Graham, who has emerged as one of Trump's closest allies on Capitol Hill, had criticized him on the decision to withdraw troops, warning that Daesh is not fully defeated and that US adversaries like Russia would benefit from the choice. In the wake of the announcement, Graham issued a scathing statement in which he denounced the decision as "a Barack Obama-like mistake made by the Trump Administration".
Trump’s decision to pull the troops out of Syria has been appalling not just to the US allies, including in the Middle East, but also to the members of the US Congress. Some influential senators of both parties have opposed Trump’s policy. Graham and many other Republican and Democratic lawmakers have warned that pulling out of Syria would pose jeopardize the region with instability.
But, Trump defended his decision to withdraw all American military forces from Syria amid a widespread backlash from lawmakers across the isle.
Trump has claimed that US’ mission in Syria – the defeat of Daesh – was complete, and that the American military would begin an immediate withdrawal from the country, criticizing personnel from his national security team that resigned.
The US leader stated that his decision was "no surprise" and that it was time for American troops to "come home and rebuild", claiming that the United States had initially planned to deploy their force to Syria for three months, but eventually the American troops stayed there several years.
Brett McGurk announced his resignation last Saturday, following in the footsteps of Defense Secretary James Mattis who announced his own resignation on Thursday. Both men are said to have had differences with Trump over his plan to withdraw US forces stationed in Syria.
American officials have been sending mixed signals over Washington's Syria policy since Trump took office in 2017.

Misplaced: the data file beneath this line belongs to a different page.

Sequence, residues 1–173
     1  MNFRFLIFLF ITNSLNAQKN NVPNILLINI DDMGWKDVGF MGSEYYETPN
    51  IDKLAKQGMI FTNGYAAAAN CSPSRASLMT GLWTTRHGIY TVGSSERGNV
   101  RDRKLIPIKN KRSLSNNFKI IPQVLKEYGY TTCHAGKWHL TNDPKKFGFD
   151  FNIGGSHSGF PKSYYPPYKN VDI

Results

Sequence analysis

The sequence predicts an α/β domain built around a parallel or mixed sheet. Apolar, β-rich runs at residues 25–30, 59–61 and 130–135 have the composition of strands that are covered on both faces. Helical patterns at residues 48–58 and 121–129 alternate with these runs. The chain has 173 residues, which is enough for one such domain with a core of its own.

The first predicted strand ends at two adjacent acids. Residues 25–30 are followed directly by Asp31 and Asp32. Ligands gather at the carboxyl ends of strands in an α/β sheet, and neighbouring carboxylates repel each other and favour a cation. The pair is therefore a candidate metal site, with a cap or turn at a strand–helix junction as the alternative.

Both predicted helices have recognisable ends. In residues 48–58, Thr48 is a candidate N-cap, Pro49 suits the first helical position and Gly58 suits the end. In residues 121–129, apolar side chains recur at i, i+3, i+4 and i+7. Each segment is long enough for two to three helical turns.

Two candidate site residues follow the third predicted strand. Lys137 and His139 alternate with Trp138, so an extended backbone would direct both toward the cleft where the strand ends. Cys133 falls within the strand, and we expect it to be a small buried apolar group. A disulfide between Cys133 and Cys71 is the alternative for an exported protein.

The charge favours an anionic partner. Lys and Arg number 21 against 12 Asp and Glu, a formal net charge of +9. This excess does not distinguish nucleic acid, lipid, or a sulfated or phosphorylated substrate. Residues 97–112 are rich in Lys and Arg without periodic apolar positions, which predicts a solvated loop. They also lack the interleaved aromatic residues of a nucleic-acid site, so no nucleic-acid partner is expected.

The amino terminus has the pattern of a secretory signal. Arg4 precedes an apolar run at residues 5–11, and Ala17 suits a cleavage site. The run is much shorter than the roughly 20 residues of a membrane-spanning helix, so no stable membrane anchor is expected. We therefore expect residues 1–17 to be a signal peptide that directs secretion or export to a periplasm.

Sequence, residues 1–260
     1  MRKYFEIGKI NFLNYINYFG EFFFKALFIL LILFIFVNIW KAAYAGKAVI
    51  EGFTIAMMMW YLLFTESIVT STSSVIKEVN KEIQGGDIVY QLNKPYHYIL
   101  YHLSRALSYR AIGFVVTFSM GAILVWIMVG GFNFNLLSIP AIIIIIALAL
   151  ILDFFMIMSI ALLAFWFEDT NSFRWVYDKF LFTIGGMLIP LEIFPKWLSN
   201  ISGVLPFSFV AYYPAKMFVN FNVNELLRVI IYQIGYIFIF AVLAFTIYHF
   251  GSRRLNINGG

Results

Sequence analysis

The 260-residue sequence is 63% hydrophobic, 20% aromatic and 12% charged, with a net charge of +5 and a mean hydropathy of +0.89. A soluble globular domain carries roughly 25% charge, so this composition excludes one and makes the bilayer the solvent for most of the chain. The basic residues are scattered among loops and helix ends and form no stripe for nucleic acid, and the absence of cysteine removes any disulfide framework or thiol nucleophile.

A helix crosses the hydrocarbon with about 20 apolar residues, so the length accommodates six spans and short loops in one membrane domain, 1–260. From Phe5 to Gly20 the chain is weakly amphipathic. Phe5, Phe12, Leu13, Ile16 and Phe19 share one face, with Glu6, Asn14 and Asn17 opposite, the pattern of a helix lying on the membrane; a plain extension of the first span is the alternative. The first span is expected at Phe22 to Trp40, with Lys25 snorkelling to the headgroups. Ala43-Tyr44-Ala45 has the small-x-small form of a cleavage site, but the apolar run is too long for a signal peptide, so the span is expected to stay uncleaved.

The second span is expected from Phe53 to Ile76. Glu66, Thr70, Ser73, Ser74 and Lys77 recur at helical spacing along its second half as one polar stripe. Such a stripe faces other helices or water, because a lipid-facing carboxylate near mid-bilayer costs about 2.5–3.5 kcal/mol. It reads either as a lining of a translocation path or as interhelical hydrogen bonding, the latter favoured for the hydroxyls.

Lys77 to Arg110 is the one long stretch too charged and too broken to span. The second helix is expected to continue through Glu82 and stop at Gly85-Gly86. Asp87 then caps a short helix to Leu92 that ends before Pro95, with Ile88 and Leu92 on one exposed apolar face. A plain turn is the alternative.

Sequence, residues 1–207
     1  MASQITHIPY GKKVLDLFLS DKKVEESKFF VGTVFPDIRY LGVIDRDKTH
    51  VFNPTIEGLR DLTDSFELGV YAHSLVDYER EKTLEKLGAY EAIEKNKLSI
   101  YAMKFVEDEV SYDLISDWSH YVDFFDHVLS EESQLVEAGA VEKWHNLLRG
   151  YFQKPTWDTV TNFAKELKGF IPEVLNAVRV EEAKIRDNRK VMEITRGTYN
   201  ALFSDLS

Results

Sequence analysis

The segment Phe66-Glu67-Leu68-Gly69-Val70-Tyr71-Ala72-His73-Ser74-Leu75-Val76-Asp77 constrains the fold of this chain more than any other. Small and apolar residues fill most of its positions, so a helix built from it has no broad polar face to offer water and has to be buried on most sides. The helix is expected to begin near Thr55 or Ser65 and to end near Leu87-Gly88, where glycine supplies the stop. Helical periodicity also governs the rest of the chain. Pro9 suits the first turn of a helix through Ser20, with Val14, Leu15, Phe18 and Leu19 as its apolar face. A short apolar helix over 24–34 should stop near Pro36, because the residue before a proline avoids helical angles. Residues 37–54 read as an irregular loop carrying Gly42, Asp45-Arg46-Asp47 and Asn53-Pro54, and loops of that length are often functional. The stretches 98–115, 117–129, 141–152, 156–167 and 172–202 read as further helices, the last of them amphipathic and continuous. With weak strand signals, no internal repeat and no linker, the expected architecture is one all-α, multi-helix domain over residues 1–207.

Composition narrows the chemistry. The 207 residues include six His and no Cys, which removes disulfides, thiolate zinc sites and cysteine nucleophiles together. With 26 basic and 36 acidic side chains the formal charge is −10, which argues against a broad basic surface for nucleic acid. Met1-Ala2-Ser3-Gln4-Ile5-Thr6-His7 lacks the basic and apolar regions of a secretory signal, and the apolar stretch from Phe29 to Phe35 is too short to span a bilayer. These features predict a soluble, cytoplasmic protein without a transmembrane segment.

In late March, Trump stated that the US would be "coming out of Syria very soon" and letting "other people take care of it now", which went against previously-outlined plans by the Pentagon and the State Department to keep troops in Syria to "support our partners", "prevent the return of terrorist groups" and transition to a "post-(Bashar) Assad leadership".
But days later, Ambassador to the UN Nikki Haley announced that the US would not pull its troops out of Syria until its goals were accomplished there.
Also in mid-April, the White House said Trump wanted to bring troops back from Syria as soon as possible, but not before their goals were fulfilled, as Washington had some 2,000 troops and a number of military contractors acting in the war-torn country.
In early May, in one of the strongest signs a full US withdrawal was unlikely anytime soon, Mattis said Washington and its allies would not want to pull troops out of Syria before diplomats won peace.
White House National Security Adviser John Bolton said in late September that the US would keep a military presence in Syria until Iran withdrew its forces.
Syria has been gripped by foreign-backed militancy since March 2011. The US-led coalition has been conducting airstrikes against what are claimed to be Daesh targets inside Syria since September 2014 without any authorization from the Damascus government or a UN mandate.